The most famous name in the getting out of debt industry is Dave Ramsey. As a young man Dave himself was in a pile of debt and wound up filing bankruptcy. The pain of that experience lead him on a quest to learn about personal finance and he began a career in advising others how to get out of debt.
I’m a talk radio/podcast junkie. I don’t care what the topic is as long as it is interesting. Dave Ramsey is the host of a nationwide talk show and it played on the radio as I was driving home. So, as I counseled clients every day about how to file bankruptcy, I would listen to Dave on the way home explaining how to avoid it. Gosh, was I doing my clients wrong by not teaching them the tough road out of debt that Dave advocated?
The hallmark of the Dave Ramsey system is a series of seven “Baby Steps” one takes to eliminate debt and build wealth.
- Step 1: Save $1,000 Emergency Fund.
- Step 2: Debt Snowball. Pay off all debt.
- Step 3: Save 3 to 6 months of expenses.
- Step 4: Invest 15% of income in retirement.
- Step 5: Establish College Fund for children.
- Step 6: Pay off house.
- Step 7: Build Wealth and Give.
The Debt Snowball is the program to eliminate debt. The basics of the program are as follows:
- List all debts from Smallest to Largest.
- Maintain minimum payments on all debts and get all debts out of default status.
- Devote all extra income to pay off the smallest debt first, regardless of whether that debt has a higher or lower interest rate.
- Reduce expenses, sell off unnecessary possessions, and take on part-time jobs to fund the debt snowball.
- Once the smallest debt is paid, move onto the next smallest debt and then the next smallest, etc., etc., until all debt (except the home mortgage) is paid in full.
Why pay off the smallest debt first instead of the debts with the highest interest rate? Because, according to Ramsey, getting out of debt is 80% emotion and 20% head knowledge.
If it were about math, you wouldn’t have credit card debt. It’s not about math. It’s about behavior modification.
Paying off the smallest debt “fires you up!” says Ramsey, and that small success helps ignite an emotional reaction to kill off the remaining debts. There is actually a lot of scientific fact to back up that claim, especially in the study of healthy habit formation. Small victories do lead to bigger wins.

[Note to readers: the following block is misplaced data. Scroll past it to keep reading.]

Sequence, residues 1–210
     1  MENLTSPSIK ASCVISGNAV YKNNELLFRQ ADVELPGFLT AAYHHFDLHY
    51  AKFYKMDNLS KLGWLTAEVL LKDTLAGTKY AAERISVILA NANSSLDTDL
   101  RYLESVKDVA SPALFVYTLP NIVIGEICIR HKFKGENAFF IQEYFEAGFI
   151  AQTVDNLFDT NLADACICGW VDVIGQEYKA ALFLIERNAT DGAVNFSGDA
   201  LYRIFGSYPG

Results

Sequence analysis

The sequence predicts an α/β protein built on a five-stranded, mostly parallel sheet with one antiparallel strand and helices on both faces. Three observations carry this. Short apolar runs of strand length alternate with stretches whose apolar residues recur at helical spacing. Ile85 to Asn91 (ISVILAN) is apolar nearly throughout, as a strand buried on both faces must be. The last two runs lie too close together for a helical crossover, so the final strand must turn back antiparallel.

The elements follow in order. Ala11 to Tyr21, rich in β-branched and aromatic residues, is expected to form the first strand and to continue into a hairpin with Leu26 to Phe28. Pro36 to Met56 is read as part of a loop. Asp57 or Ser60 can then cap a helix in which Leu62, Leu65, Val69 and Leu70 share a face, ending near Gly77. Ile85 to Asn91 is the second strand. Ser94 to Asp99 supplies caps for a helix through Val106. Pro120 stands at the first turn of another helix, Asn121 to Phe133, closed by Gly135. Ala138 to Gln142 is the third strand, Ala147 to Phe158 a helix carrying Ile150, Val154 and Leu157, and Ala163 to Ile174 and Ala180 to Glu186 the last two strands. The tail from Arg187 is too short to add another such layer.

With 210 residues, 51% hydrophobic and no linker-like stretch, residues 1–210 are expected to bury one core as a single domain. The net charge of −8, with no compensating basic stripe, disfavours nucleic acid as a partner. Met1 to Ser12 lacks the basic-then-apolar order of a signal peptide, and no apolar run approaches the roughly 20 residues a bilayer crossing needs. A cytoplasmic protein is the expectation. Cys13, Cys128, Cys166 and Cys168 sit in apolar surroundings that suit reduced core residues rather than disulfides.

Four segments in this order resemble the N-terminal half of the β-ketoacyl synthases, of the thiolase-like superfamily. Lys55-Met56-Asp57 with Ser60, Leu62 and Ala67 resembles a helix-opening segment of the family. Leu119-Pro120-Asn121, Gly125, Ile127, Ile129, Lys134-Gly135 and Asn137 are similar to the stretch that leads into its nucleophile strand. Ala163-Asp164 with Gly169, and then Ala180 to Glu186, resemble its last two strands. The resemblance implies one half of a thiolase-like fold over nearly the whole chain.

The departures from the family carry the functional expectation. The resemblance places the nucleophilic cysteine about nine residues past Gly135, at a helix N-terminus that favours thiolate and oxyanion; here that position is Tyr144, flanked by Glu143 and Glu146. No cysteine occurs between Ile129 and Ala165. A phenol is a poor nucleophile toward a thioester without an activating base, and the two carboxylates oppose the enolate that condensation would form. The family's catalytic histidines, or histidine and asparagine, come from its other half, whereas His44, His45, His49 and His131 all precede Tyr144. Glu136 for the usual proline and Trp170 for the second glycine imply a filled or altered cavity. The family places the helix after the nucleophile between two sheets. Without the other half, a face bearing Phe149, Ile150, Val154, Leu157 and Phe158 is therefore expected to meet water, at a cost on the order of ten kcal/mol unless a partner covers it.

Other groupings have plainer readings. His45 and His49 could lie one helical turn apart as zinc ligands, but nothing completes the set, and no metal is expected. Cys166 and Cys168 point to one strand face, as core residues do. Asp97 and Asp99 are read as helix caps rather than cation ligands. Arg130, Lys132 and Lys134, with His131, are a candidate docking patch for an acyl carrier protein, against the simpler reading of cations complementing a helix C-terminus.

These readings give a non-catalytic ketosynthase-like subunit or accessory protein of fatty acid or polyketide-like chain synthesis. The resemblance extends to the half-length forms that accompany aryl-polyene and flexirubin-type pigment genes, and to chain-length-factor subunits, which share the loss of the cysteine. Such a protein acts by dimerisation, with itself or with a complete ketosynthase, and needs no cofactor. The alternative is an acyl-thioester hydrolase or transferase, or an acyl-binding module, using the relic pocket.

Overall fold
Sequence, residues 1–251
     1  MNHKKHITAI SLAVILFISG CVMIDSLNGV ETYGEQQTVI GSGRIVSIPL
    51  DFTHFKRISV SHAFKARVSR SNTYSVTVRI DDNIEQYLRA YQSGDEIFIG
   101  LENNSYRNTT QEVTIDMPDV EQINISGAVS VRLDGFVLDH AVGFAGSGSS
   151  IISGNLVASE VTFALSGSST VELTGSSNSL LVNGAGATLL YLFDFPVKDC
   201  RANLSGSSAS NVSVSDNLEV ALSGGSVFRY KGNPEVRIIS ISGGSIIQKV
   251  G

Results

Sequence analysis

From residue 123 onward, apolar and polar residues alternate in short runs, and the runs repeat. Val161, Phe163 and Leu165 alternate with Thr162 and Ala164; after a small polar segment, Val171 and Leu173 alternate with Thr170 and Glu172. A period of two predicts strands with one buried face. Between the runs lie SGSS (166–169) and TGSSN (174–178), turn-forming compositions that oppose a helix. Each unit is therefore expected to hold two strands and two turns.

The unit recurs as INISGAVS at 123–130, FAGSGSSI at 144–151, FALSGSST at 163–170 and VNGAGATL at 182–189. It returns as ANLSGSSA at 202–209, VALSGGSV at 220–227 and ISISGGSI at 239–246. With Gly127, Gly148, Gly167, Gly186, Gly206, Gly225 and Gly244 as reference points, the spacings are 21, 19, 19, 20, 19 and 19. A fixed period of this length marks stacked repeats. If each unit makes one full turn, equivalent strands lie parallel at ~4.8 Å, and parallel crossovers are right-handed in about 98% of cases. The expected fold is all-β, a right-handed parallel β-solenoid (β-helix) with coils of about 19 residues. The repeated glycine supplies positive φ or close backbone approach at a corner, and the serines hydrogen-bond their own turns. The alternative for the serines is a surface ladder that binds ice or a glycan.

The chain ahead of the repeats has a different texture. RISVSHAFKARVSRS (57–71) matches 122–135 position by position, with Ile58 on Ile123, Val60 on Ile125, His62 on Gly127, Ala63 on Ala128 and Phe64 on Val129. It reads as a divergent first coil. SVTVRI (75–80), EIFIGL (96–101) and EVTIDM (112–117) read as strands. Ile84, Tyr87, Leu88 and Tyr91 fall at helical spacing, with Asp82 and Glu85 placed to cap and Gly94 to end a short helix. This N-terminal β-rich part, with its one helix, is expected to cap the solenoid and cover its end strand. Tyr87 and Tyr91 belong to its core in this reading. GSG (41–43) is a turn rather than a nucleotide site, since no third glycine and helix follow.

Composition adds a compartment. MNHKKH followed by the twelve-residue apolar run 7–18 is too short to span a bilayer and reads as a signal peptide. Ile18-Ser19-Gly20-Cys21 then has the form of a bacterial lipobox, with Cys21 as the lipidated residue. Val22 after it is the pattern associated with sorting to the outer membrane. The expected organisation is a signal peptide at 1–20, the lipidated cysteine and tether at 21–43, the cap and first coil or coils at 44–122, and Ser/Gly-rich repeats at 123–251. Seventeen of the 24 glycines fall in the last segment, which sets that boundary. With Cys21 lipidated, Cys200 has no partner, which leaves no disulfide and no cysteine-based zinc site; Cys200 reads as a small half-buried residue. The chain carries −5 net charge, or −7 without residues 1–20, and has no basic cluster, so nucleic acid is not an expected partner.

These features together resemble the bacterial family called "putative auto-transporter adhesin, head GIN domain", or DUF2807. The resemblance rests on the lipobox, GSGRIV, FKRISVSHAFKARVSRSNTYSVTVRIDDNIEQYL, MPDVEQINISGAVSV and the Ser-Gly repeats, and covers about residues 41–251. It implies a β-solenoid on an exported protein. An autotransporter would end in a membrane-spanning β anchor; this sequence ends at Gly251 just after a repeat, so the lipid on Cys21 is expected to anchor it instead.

The challenge is you. You are the problem with your money.
Ramsey focuses on “behavior modification” as the key to solving a debt problem.
Most financial people make the mistake of trying to show you the numbers, thinking that you just don’t get the math. I am sure that the problem with my money is he guy in my mirror.
A large part of the behavior modification is about daring to be radical–to sell your home and fancy car and to take on a part-time pizza delivery job–to drop out of society’s pressure to keep up with the Jones’.
Stop buying things you don’t need with money you don’t have to impress people you don’t even like.
It is hard to disagree with any of this. This is sensible and old-fashion advice to getting out of debt. Cut expenses. Increase income. List the debts and have a plan of attack. Paying off debts from smallest to largest is also a valid strategy since getting out of debt does require a person to be “fired up” and focused.
The power of focus is what causes our Baby Steps to work . . . if you attack too many areas at once you don’t finish anything you start for a long time . . . That makes you feel that you aren’t accomplishing anything, which is dangerous.
The key weakness of the Debt Snowball program, however, is the requirement that you must be able to get all debts out of default status and maintain minimum payments on all debts during the plan. Is that feasible? Can you really maintain minimum payments on all debts and get the delinquent debts current while you pound away at the smallest debt? Yes, some folks just need to cut the cable bill and downsize their life to free up the necessary money to make this plan work, but that simply does not work for the vast majority of people I see on a daily basis.
So, if you squander a lot of money on foolish entertainment, cars, eating out, cell phones, etc., the Dave Ramsey program may work just fine for you. Get on a financial diet and start paying off the debt. Yep, that works . . . if you have the income. But what if you don’t? Then what? What if 25% of your paycheck is being garnished and the judgments are stacking up one on top of another and the mortgage payment is behind on a house worth no more than what is owed? How do you downsize that expense?
And what if you can’t get a second job to speed up the debt snowball? What if your health, both physical and mental, is already taxed to the maximum? What if getting a part-time job means abandoning your children and a stressed out spouse for another 20 hours a week? Is that a smart decision? Sure, you might become debt-free, but will you have a family left to come back to?
Dave Ramsey is a positive voice of reason and encouragement in the personal finance industry. I like his attitude and enthusiasm. Overall, I think we all should really pay attention to his message. Stop lying to yourself and stop pretending to be somebody you are not. Downsize your life, become debt free, and then realize the blessing of truly being a free person. That’s a great message and goal.
But the Dave Ramsey program is not for everyone and it is just not feasible for too many. If you are living beyond your means, try it. But if you are already struggling after devoting every dime to stay out of debt and now you are draining your retirement or mortgaging your home to make minimum payments on debts, consider other options.
Image courtesy of Flickr and Bonnie Brown.